(PhysOrg.com) -- The Defense Advanced Research Projects Agency (DARPA) announced this week that it will be setting aside $7 million out of its $2 billion budget to work on a next-step robotics program called Avatar. Beyond battlefield robots built like big dogs, and beyond a headless robot called Petman, the Avatar result will be a "semi-autonomous bi-pedal machine" that can smartly and effectively behave as a soldier surrogate. DARPAs Avatar robots will be able to perform human-like military operations such as room clearing, sentry control and recovering combat casualties, tasks that may help minimize injuries and deaths.
Details, however, were not available at the time of this writing on how the soldiers and advanced surrogate robots will interact. As the report says, the Avatar program will develop interfaces and algorithms to enable a soldier to effectively partner with a semi-autonomous bi-pedal machine and allow it to act as the soldiers surrogate. DARPA has described the project with phrases noting key advancements in telepresence and remote operation of a ground system.
The words telepresence and remote operation promptly triggered numerous conjectures in blog posts that the advanced robots may get to interact with soldiers at a distance. As expressed in ExtremeTech, a battle scenario using an Avatar robot would amount to a bipedal robot drone where the controlling soldier is hundreds or thousands of miles away from war front.
The Daily Mail would find it no surprise if these are robots operating under mind control. The agency has reportedly already funded successful attempts to control robots with thought. The initiative seems like the next logical step in the U.S. military's robotics and remote warfare research.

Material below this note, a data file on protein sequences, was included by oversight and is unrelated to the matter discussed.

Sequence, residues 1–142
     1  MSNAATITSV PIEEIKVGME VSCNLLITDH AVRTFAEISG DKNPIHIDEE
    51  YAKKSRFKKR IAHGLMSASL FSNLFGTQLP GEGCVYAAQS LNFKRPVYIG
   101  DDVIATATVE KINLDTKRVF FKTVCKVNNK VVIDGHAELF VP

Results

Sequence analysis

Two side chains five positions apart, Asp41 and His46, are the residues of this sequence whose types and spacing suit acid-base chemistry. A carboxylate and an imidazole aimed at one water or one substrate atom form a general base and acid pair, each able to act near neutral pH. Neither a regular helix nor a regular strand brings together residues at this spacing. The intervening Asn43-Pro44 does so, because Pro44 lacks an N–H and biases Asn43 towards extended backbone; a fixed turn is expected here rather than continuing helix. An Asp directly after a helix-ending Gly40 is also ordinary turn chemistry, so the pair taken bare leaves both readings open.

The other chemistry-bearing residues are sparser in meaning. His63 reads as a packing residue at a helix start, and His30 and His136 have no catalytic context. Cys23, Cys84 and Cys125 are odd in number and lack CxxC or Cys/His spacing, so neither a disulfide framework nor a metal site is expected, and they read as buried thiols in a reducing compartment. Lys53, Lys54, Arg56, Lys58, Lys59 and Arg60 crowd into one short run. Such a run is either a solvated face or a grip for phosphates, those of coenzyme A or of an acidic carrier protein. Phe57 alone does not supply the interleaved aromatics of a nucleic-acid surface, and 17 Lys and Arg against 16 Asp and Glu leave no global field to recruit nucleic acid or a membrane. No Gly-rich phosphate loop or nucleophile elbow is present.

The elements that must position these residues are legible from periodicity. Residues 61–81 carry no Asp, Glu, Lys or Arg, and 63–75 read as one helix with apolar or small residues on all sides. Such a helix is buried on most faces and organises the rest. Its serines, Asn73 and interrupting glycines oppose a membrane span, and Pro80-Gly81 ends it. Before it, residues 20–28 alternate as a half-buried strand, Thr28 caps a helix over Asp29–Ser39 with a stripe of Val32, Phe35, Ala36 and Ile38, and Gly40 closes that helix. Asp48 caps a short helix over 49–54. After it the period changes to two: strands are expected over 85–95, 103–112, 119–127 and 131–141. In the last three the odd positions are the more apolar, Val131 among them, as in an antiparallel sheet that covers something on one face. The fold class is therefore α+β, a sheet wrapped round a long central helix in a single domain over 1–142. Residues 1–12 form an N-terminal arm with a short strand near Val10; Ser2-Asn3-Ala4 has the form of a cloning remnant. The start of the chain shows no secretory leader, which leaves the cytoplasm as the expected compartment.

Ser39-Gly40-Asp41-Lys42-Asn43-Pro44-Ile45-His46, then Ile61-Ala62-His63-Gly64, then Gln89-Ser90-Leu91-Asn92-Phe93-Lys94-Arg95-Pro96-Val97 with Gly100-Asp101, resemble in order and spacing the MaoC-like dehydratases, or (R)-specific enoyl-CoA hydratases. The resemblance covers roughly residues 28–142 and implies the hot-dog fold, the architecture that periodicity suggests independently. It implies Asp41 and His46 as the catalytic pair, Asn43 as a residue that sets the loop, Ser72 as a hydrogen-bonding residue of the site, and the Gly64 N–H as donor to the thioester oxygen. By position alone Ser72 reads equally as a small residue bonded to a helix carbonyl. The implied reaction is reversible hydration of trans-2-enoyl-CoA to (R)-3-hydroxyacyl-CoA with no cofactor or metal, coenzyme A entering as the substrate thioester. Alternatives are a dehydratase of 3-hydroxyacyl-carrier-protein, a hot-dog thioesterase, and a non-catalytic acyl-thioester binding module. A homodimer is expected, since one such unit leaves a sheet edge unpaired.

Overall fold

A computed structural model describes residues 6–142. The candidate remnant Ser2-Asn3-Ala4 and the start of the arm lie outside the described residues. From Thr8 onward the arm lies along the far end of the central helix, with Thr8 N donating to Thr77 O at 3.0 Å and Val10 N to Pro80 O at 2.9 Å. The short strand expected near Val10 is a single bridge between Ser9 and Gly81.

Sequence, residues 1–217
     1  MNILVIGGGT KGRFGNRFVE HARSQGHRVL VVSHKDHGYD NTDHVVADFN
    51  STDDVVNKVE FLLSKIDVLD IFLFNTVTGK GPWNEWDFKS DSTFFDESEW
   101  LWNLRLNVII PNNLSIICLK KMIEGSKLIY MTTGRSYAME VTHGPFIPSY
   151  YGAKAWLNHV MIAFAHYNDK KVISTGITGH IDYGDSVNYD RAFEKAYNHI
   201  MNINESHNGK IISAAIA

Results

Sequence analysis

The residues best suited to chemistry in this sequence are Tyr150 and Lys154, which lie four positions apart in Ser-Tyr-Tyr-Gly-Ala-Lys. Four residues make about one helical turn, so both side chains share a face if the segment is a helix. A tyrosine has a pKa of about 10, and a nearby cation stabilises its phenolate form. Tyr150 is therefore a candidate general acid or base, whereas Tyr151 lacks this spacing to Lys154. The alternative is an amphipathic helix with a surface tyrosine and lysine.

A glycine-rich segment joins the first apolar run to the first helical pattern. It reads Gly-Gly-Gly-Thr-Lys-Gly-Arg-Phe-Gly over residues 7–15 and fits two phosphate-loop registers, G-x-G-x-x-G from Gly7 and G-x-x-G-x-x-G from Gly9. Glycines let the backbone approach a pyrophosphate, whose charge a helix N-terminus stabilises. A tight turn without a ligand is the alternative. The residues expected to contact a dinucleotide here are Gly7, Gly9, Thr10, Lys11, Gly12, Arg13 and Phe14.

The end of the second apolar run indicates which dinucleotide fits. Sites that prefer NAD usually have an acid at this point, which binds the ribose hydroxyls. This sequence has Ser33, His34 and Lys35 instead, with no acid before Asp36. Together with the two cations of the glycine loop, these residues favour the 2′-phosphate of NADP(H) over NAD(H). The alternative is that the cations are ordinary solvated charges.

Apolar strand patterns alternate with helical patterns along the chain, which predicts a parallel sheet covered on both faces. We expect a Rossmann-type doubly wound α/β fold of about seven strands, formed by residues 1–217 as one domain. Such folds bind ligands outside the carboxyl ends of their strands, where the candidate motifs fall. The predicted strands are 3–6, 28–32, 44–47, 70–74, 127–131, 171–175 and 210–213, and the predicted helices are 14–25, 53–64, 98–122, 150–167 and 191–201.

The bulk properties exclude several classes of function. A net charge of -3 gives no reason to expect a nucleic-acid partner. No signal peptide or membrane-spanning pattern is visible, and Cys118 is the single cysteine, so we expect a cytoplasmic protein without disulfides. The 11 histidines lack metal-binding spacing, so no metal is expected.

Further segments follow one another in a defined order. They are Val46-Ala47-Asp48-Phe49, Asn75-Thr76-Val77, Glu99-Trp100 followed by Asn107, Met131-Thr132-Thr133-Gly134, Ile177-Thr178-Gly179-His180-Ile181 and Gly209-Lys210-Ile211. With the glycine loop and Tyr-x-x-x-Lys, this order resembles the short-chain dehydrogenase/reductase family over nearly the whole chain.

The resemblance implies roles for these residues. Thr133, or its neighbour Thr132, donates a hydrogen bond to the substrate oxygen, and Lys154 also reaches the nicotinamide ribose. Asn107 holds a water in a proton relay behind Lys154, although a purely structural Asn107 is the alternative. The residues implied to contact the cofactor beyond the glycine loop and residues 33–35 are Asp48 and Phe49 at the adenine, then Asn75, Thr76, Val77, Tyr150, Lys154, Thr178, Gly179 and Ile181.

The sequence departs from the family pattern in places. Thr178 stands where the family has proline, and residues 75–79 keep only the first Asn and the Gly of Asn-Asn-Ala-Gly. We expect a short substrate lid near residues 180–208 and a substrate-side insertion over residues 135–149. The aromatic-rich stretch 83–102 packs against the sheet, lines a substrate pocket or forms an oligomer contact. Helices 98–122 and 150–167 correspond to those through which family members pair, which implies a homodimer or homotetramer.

DARPA says its origins go back to 1958, the agency mission being to prevent strategic surprise from negatively impacting U.S. national security and create strategic surprise for U.S. adversaries by maintaining the technological superiority of the U.S. military. DARPAs research in robotics, however, in a global perspective, is among research efforts by other nations toward discovering what is possible in robotics for battle. Other nations also seek ways to place less human risk on their troops through robotics. Israel's Giora Katz, vice president of Rafael Advanced Defense Systems, has said that "We are moving into the robotic era." Reports say over 40 countries have military-robotics programs.
Those who fear technology's limitations rather than strengths, though, see a grim side to an initiative such as Avatar. Reacting to the DARPA news, a comment on Slashdot said, Power and bandwidth constraints aside, what could go wrong? Chinese hackers swooping in and commandeering one's army? Gives new meaning to the question Where's Waldo?"
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